Amazon did not immediately return a message from CNNMoney to explain whether it addressed consumer concerns from last year.

The company is promising 100,000 deals, with an emphasis on TVs. Amazon said the U.S. deals will offer twice as many TVs “compared to Black Friday and Cyber Monday combined.”

“From TVs to headphones and slow cookers to vitamins — Prime Day will include deals on things you want, things you need, and everything in between,” said Amazon.

For U.S. shoppers, Amazon Prime Day will begin at midnight PT on July 12, with new deal popping up every five minutes. The deals are only for Prime members, but Amazon is offering free membership trials ahead of Prime Day.

Prime Day is also happening in seven European countries as well as Canada and Japan.

Lando Calrissian wants you to drink Colt 45

Pabst is bringing back smooth-talking Billy Dee Williams of “Star Wars” fame to reprise his 80s role as the pitchman for Colt 45 Malt Liquor.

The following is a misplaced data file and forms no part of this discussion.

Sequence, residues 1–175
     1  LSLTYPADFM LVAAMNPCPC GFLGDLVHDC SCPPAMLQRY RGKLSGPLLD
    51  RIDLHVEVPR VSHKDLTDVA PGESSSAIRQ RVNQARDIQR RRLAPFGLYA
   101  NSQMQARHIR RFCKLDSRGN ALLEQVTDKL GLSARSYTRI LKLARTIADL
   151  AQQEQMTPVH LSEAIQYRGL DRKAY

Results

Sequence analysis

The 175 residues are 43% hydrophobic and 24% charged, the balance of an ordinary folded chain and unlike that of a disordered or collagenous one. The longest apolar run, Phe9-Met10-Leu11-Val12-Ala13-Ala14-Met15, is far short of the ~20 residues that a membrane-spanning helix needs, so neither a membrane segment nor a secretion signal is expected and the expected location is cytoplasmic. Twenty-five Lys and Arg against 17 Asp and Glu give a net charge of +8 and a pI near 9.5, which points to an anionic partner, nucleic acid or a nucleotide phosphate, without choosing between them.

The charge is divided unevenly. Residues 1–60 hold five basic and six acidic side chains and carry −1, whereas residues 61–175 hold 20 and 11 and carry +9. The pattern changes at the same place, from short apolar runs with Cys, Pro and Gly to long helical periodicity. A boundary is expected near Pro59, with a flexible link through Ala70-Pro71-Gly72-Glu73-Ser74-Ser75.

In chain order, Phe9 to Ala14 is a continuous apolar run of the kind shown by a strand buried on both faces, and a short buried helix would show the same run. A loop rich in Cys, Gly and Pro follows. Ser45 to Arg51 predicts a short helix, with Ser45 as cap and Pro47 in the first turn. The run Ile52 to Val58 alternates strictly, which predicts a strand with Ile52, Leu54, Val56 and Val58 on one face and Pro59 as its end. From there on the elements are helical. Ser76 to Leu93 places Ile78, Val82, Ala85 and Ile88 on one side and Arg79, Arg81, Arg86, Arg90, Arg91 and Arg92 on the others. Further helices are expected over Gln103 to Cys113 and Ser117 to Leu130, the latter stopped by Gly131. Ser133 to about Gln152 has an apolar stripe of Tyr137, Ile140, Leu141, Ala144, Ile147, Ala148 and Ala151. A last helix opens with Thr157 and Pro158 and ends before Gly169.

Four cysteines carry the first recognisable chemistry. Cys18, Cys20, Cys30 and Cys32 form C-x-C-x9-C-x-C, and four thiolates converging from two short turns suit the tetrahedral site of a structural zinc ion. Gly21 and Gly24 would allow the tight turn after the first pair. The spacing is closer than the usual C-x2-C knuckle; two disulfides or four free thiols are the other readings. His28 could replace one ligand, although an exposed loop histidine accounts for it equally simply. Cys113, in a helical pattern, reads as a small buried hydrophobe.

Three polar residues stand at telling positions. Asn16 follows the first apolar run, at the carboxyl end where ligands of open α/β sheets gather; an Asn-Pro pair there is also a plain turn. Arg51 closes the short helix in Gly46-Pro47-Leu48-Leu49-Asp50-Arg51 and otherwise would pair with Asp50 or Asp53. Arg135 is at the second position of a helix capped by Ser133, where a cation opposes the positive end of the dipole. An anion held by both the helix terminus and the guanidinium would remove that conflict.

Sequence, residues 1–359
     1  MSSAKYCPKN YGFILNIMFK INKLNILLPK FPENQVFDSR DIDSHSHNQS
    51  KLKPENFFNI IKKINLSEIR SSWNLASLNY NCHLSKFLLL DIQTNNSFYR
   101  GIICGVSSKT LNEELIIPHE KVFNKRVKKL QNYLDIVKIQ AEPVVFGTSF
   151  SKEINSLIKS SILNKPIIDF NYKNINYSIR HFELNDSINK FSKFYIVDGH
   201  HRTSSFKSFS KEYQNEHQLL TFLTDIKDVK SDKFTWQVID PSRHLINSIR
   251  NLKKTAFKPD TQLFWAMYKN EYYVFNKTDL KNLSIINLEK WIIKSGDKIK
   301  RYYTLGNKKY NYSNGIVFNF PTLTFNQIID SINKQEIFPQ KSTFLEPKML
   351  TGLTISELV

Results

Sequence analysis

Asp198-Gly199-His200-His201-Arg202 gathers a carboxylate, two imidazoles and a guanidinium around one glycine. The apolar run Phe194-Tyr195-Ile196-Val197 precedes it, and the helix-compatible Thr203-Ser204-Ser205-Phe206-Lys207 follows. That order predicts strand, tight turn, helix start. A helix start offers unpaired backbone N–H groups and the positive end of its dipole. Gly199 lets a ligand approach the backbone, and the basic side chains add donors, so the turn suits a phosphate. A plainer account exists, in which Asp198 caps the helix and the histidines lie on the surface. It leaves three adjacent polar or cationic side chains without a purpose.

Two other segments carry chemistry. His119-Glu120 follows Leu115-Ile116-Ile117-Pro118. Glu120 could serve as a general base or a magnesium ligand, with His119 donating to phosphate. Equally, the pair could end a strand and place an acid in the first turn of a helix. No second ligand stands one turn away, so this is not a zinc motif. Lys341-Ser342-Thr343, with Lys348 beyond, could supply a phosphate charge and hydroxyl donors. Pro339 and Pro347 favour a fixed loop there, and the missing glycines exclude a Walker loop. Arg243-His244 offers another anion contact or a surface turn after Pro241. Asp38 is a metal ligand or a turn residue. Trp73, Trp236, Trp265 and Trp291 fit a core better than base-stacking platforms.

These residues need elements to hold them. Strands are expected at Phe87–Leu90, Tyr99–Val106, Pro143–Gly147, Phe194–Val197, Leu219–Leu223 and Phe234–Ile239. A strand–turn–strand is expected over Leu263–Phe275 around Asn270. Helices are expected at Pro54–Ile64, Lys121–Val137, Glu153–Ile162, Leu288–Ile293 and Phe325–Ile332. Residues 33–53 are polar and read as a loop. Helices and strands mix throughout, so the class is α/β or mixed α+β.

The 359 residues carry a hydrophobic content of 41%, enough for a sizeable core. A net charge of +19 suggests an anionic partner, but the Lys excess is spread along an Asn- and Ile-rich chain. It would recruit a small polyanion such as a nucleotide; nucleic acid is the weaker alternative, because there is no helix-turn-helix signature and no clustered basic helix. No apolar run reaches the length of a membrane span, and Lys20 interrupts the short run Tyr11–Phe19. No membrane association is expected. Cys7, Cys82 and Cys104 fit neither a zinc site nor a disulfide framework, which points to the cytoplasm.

“The world moves fast, but change isn’t always a good thing, when you got it right the first time around,” says Williams, in a commercial that juxtaposes clips from his 80s ads with him pouring a beer.

“Sometimes a true original doesn’t need to change a thing,” says Williams, wearing a suit with an ascot. “It works every time.”

“It works every time” was the catch phrase from his 80s ads — where he was often accompanied by an attractive woman.

The new ad is currently on Youtube.

Williams’ break-out film was in 1971, when he co-starred with James Caan in the tear-jerker sports drama “Brian’s Song.” But he is best known for playing “Star Wars’ “Lando Calrissian, the intergalactic gambler who won Cloud City but lost the Millennium Falcon to Han Solo. He appeared in “The Empire Strikes Back” in 1980 and “Return of the Jedi” in 1983.

Pabst has owned Colt 45 since 1999, when it acquired Stroh’s. The brewery, established in 1844 in Milwaukee, Wisconsin, is best known for PBR, or Pabst Blue Ribbon, an inexpensive beer that’s become popular with hipsters and millenials.